What Happens If Your Income Is Much Higher?

Looking at the graph, we see that the higher your income, the smaller the portion of your average indexed income Social Security benefits replace. For incomes far above $74,000, the fraction slides down ever closer to 15 percent. That’s why I say above that the higher your income, the worse off you are if you haven’t saved enough.

Can You Even Count on Social Security?

It’s become a widely believed notion that Social Security will go bankrupt in the next 10–15 years, so it won’t be there for you.

Is that really so?

According to the Trustees of the Social Security and Medicare trust funds: “The Old-Age and Survivors Insurance (OASI) Trust Fund, which pays retirement and survivors benefits, will be able to pay scheduled benefits on a timely basis until 2034, one year later than reported last year. At that time, the fund’s reserves will become depleted, and continuing tax income will be sufficient to pay 77 percent of scheduled benefits.

Breaking this down, if Congress does nothing to fix the shortfall, Social Security will be able to continue paying retirement benefits for the next 12 years. After that, benefits would have to be cut by 23 percent.

Not great, but nowhere near the disastrous notion that it’ll totally disappear soon after you retire.

And keep in mind that between now and then, Congress can make changes to fix things and extend the trust funds’ liquidity for a few decades (which they’ll very likely defer until the last minute).

Here’s what they can do (in what I believe is a descending order of likelihood):

  • Gradually increase the full retirement age (as they did before)
  • Increase the maximum income subject to Social Security taxes much higher than the current $147,000
  • Means-test benefits, reducing them for high earners and/or the wealthy
  • Reduce benefits for everyone (the default outcome if they do nothing)

Why Starting to Save and Invest for Retirement Even at Age 60 Isn’t Too Late

First and foremost, even ignoring the savings you’ll build up, every dollar you start saving for retirement now lowers your retirement need by $0.80! And the best news is that this benefit starts immediately!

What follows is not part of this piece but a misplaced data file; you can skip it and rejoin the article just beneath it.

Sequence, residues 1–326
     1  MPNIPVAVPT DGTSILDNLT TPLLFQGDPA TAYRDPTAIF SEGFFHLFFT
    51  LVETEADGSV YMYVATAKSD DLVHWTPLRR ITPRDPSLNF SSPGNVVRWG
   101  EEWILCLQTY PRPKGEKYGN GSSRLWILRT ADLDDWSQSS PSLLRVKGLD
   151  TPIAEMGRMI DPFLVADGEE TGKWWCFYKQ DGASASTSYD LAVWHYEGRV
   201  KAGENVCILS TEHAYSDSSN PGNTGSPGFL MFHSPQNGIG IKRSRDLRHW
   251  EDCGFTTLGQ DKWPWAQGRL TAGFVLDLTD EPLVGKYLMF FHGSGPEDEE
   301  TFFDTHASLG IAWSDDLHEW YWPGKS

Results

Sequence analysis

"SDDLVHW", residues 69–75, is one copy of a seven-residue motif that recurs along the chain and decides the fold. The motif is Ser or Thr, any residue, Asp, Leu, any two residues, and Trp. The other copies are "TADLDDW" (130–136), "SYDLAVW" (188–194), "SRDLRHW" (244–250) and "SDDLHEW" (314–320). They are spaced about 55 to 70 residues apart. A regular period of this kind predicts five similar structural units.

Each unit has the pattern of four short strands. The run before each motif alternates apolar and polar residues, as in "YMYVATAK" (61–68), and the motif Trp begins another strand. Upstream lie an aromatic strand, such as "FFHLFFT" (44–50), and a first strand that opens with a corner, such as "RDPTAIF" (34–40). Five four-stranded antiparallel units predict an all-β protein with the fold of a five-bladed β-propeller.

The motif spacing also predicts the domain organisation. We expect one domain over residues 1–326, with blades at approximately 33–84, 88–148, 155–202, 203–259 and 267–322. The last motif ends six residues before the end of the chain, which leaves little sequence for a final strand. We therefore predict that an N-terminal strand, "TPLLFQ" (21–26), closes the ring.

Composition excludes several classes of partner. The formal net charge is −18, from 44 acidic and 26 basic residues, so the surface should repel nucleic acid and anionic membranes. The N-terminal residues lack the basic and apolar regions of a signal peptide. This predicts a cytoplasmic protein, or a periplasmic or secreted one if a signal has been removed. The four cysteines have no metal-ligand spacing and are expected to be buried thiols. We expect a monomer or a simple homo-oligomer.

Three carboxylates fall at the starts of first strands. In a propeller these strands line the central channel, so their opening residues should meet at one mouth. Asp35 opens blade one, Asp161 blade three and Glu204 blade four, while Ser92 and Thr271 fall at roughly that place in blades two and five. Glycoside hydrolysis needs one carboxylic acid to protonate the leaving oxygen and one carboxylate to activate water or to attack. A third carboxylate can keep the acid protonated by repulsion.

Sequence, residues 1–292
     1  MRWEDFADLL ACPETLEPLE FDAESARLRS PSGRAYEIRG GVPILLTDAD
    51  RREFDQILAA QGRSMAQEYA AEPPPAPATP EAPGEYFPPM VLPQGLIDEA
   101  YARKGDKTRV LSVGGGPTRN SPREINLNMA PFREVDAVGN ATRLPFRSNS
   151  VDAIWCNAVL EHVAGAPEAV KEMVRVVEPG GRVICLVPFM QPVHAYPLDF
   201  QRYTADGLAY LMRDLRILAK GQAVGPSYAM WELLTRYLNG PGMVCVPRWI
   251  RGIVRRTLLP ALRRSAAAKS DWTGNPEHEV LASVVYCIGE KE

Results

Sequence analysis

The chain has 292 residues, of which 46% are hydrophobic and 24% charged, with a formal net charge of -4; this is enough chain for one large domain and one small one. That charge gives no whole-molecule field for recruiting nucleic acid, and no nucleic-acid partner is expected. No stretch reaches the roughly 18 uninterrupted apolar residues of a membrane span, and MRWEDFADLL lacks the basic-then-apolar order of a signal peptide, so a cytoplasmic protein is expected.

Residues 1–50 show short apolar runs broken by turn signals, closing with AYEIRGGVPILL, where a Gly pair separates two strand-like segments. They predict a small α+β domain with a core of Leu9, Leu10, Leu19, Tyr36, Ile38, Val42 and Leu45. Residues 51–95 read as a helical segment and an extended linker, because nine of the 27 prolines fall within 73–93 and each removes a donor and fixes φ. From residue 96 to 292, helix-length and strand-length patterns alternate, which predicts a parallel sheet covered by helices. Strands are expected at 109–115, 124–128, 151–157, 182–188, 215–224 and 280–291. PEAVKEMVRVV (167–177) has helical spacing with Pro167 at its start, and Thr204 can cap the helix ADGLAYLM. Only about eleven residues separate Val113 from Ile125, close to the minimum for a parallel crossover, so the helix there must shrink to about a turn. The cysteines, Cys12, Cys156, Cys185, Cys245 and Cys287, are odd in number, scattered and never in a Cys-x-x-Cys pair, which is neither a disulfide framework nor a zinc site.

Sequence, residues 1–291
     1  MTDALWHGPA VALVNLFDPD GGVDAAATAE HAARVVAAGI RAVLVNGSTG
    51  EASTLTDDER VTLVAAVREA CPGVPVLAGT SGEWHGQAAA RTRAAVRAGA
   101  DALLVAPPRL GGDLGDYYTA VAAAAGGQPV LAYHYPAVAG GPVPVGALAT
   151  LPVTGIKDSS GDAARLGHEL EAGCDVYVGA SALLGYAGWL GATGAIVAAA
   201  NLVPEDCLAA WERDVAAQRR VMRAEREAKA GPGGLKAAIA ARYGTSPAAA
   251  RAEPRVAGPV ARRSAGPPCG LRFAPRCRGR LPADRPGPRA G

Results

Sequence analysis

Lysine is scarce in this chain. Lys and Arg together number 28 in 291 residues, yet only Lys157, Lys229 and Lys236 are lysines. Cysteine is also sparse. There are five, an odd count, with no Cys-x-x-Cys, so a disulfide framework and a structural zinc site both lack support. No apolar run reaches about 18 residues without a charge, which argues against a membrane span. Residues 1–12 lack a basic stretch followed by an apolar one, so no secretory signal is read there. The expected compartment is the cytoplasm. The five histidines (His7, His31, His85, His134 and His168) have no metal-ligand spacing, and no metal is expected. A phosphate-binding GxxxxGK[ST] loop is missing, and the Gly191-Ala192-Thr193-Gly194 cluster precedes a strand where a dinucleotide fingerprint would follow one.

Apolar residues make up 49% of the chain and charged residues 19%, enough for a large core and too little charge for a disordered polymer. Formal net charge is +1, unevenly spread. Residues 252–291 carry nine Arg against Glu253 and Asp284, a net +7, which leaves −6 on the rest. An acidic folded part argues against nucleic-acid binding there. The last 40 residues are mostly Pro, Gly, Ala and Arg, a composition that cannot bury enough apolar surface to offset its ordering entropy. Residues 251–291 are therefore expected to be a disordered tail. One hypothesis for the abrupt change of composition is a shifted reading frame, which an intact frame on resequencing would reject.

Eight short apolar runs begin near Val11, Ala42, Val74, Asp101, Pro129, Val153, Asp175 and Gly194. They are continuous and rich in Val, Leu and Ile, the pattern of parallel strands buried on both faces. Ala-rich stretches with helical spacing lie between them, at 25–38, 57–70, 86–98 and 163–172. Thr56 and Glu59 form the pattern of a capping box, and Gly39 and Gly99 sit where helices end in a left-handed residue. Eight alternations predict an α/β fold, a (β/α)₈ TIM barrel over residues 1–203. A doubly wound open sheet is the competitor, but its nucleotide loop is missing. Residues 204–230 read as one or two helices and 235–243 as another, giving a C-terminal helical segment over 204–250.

Reduce your spending by $100 a month, and your annual need in retirement will drop by $960 a year.

Reduce it by $500 a month, and that’s $4800 a year less needed in retirement.

Reduce your monthly expenses by $1042, and you’ll need $10,000 a year less.

That’s why I say that it’s never too late to start. Not at 60 and not at any other age. Also, don’t forget that many jobs these days can be done by people far older than 67, which still gives you more years to invest than you might expect.

What You Can Still Do to Improve Your Retirement

Writ large, you have four levers to make your retirement more comfortable.

  1. Reduce your spending
  2. Increase your earnings
  3. Increase your annual returns
  4. Delay your retirement

Let’s see how you can achieve each of these.

1. Reduce Your Spending

Your top priority is to review your spending and cut it as aggressively as possible. First, categorize each spending item into one of three categories.

1. Unnecessary: These are things you spend on that you don’t use, that don’t align with your values and priorities, and/or that don’t bring you enough joy to be worth the cost. Some examples could be subscriptions you no longer use, gym memberships if you accept you’ll never go, paying others to do things you can and are willing to do yourself, etc.

2. More Expensive than Needed: These are things you can replace at a lower cost without a significant impact on your quality of life. Some examples could be shopping for less expensive auto insurance (make sure to get all the discounts you cab based on, e.g., reduced average mileage driven, safe driving record, etc.), shopping at lower-cost grocery stores, dining out less often and at less-fancy restaurants, etc. You can also look for senior discounts to help reduce spending.

3. Needed: Here, consider if some of these are things you could buy less frequently or reduce your use. This could include, e.g., signing up for your electric utility’s time-of-use saving program, setting your thermostat lower in the winter and higher in the summer, replacing lightbulbs with higher-efficiency ones, etc.

For anything in the first category, cut it out of your spending altogether. The things in the second category, replace with cheaper alternatives. Those in the third? Try to buy them less often.

In addition, if you have any high-interest debt (e.g., credit cards), pay it off as quickly as possible. This will reduce your interest costs, and once you pay it off, you can shift those dollars to beef up your monthly investments.